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Supercharging Revenue

Discussion in 'Charging Standards and Infrastructure' started by MikeDog77, Dec 6, 2018.

  1. MikeDog77

    MikeDog77 Member

    Joined:
    Mar 10, 2016
    Messages:
    84
    Location:
    Pittsburgh PA
    I know Tesla has said that Supercharging Revenue would be used to pay for the cost of supercharging. Obviously a lot of M3 owners need to "fill up" in order to cover the cost for the energy for S and X owners. But now that Tesla is doing away with free super charging for life, and at the same time adding 300,000+ M3 per year, it got me thinking. How much revenue is it generating.

    I have had a M3 for 7 months and have paid $84 for Tesla super charging. I drive a lot, but so do most Tesla owners. So that works out to roughly $150 per year. So we are taking about $15 million per year per 100,000 cars that are paying for supercharging. So we could easily see Tesla with 20-30 million in 2019 supercharging revenue.

    I would think that the cost of adding a super charger is not too much(if anyone has an idea please let me know). But 20-30 million sure does pay for a lot of electricity and probably some expansion. And this number will grow exponentially as they continue to add cars to the road and superchargers to more locations.
     
  2. cpa

    cpa Active Member

    Joined:
    May 17, 2014
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    Location:
    Central Valley
    At one time it was bantered about on this forum that construction costs for an 8-stall Supercharger ranged from 150K-200K. (I am recalling from memory.) Now most traditional Superchargers are at least 10 stalls with many approaching 20, plus the two large sites in California at 40 stalls. Then there are the newer urban-style Superchargers that typically range from 12-20 stalls. Those construction costs are probably slightly lower, but that is just a guess.

    There are numerous reports that there are individuals who have not been charged for Supercharging even though they do not have the grandfathered "free, unlimited" or the annual 400kWh per year allotted to recent S and X purchases. The reasons for not charging a fee are largely speculation, from certain sites where the landlord foots the electric bill to transmission issues between the Supercharger and Tesla's database of our credit cards, to internal decisions by management.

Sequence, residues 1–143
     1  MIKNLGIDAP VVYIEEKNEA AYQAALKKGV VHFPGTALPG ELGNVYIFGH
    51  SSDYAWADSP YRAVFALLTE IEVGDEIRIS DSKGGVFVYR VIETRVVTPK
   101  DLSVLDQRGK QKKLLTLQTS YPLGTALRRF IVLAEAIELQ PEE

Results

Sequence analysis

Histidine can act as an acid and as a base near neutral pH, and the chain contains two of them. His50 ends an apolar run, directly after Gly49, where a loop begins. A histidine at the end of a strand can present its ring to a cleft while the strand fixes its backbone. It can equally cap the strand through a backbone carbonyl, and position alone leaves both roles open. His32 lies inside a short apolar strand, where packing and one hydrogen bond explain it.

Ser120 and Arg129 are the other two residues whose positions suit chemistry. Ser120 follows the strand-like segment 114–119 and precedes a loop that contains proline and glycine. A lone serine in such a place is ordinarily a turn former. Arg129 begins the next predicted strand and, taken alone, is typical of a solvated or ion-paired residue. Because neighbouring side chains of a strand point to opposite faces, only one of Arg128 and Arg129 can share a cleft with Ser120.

I highly doubt that Tesla is going to earmark the cash it collects from us when we Supercharge. If your arithmetic assumptions are correct, heck, if the actual revenue is triple what you calculated, that sum is still immaterial to the cash that Tesla receives over an entire year. My best guess is that the Supercharger department prepares a budget for construction, maintenance, repairs, electricity, and miscellaneous expenses that gets approved by the Board, while another department (perhaps operations) estimates the cash generated from Supercharging fees that gets deposited into one of Tesla's general operating cash accounts.

    Probably the accounting department will generate a management report to reflect operating revenue from Supercharging and the resulting period costs of Supercharging each month on a national and statewide level to determine if the fee charged by state and/or country needs to be increased. When this program was first announced, Tesla decided to assess 20 cents/kWh in California. Several months later, Tesla increased the fee to 26 cents, where it has remained.
     
    • Like x 1
  3. mociaf9

    mociaf9 Member

    Joined:
    Oct 18, 2018
    Messages:
    258
    Location:
    CA
    It doesn't make any sense to consider the revenue from charging fees without also considering the operating expense of the purchased electricity (and probably other O&M expenditures for the network, too). Electricity doesn't grow on trees.
     

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